Don't Act Surprised When Sonic Forces on PC Comes with Denuvo
Back when Valve first listed Sonic Mania on Steam, the listing gave no mention of the game utilizing Denuvo or any other Digital Rights Management (DRM) save what Steam normally has. Imagine players' surprise, then, when they found they could not play the game offline as a result of Denuvo requiring it to run online for verification purposes. Players complained to Headcannon, who then passed the complaints along to Sega.
After investigating it, though, Sega said Denuvo wasn't the cause of the problem, and Denuvo remains part of the game—even though it's been cracked. Now that Sega announced Sonic Forces will come with Denuvo at launch, players at least have fair warning of what's ahead--even if that just means they can get their pitchforks ready early.
One may wonder why Denuvo was targeted immediately as the cause of gamers' misery and what the big deal is with it being included with Forces. The answer? Well, that's not so easy to say.
What Even Are DRM and Denuvo?
A good majority of gamers go about playing their games in the legitimate way: purchasing and using them within the boundaries set out by the company, whether that be not sharing it so others can access without paying or something along those lines.
However, the pirating community likes to find ways around that. Some cite cost as a reason, some just like the thrill, others believe they should have unlimited rights with their games, and still others only want to try the game as a demo, planning to buy it later if they like it.DRM is meant to keep a pirate from having their way with a game, and Denuvo is supposed to be one of the toughest DRMs around at this point.
What's the Problem with It?
Yet a large number of players, including those who purchase a game legitimately, claim that DRM, and Denuvo in particular, hamper their enjoyment of the game. The Sonic Mania example is just one among many. Ubisoft's notorious DRM is another. They didn't use Denuvo, but for a time, their DRM required players to remain online for the duration of their play session. Any lapse in connection meant the game—and progress—was gone, and there was really no hope for portability or ease of use in that setup.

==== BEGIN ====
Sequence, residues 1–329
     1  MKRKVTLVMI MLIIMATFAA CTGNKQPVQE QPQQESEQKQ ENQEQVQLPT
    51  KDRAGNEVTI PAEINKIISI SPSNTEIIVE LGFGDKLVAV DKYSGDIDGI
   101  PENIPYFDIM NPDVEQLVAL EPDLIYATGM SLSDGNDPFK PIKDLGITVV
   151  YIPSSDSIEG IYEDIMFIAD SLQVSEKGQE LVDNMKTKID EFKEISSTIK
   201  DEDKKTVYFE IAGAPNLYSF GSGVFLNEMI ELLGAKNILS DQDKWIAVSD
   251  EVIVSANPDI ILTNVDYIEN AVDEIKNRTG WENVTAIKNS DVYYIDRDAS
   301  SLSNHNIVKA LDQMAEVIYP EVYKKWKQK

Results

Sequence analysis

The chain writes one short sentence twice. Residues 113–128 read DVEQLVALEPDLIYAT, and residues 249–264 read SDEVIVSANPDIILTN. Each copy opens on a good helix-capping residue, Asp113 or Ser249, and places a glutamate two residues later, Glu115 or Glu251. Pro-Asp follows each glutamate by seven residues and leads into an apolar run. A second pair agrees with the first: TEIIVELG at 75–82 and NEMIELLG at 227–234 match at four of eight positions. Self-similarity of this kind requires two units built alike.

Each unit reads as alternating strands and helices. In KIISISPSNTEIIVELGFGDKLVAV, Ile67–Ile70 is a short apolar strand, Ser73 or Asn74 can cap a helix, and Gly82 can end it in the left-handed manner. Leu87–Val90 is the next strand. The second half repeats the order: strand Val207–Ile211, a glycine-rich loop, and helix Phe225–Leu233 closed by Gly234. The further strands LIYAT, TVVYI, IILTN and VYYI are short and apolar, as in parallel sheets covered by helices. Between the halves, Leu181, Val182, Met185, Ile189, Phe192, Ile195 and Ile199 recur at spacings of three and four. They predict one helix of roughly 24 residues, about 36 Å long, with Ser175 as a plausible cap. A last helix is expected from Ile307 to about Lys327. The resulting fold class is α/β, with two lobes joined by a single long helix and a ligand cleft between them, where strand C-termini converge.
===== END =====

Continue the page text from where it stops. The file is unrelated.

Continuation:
Then there was RiME. Players loudly complained about Denuvo ruining the experience. The constant pinging that Denuvo performs to verify the game and user was supposedly slowing the game down. However, it was mostly noticeable during loading times, not the game itself, and apart from a few vocal (and coarse) complaints, no one else really seemed to find the game unplayable. Grey Box, like Sega, also found that Denuvo wasn't the cause of the problems.
More to the point, though, there isn't any concrete evidence to support either side's arguments about Denuvo.
Those who don't like DRM don't care, though, and despite Denuvo allegedly being the best in town, it has been hacked several times. In many cases, developers remove it via update after the cracking anyway, leading to the question of why bother implementing it to begin with.
For big companies, the answer is fairly simple. Developers lose an estimated $74 billion due to piracy, with approximately 2.5 billion pirated games downloaded per year. DRM is a way to try and prevent that loss, and it's an extra layer of protection alongside Steam's much lighter and-easier-to-crack DRM that relies on players wanting certain features enough to pay for the game.
Unlike smaller companies, most larger developers, like Sega, have fanbases willing to put up with DRM—or who don't have a problem with it—in order to play the game. Also, it's believed that if Denuvo is cracked within a certain timeframe after release, developers may be able to get a refund for it. If that is true, developers have very little to lose from implementing Denuvo and a good bit to gain.
Image via YouTube
Some developers have a different view. Super Meat Boy's Tommy Refenes argues that DRM hurts developers much more than piracy does and thinks it should no longer be utilized. He says companies should "respect their customers, and they may, in turn, respect your efforts." (Of course, that argument works in reverse: if players respected developers' efforts enough, they wouldn't have to implement DRM). However, it is worth pointing out that smaller companies stand to gain from eschewing DRM for the fact that it draws in more fans, something especially necessary for indie developers without big backing.
It's not just small developers who promote this new approach to DRM, though. Avalanche Studios echoes Refenes's argument and cites paying customers inconvenienced by poorly implemented DRM who as the reason why it ultimately harms developers more than it helps them. CD Projekt Red--the developer behind The Witcher--provides a more practical reason for this concept. Not only does it turn players away; it doesn't protect the game anyway. That's definitely true of Denuvo as well.
The problem ultimately centers around how well the DRM is implemented. One can hardly fault developers for protecting their material. It's true that they make plenty of money and are big corporate entities. But it's a business—and that's kinda their reason for existing. Denuvo, so far, hasn't turned out to be as problematic as EA's or Ubisoft's disastrous attempts at using DRM, even though some believe otherwise.
However, considering the legitimate problems DRM can cause players, it falls to the developers to ensure they are responsible and reasonable when they do implement DRM, including Denuvo. How that will all play out with Sonic Forces remains to be seen, though hopefully whatever issues there were with Sonic Mania—real or otherwise—have been ironed out. At the very least, players know what to expect, since Sega already announced it for Forces.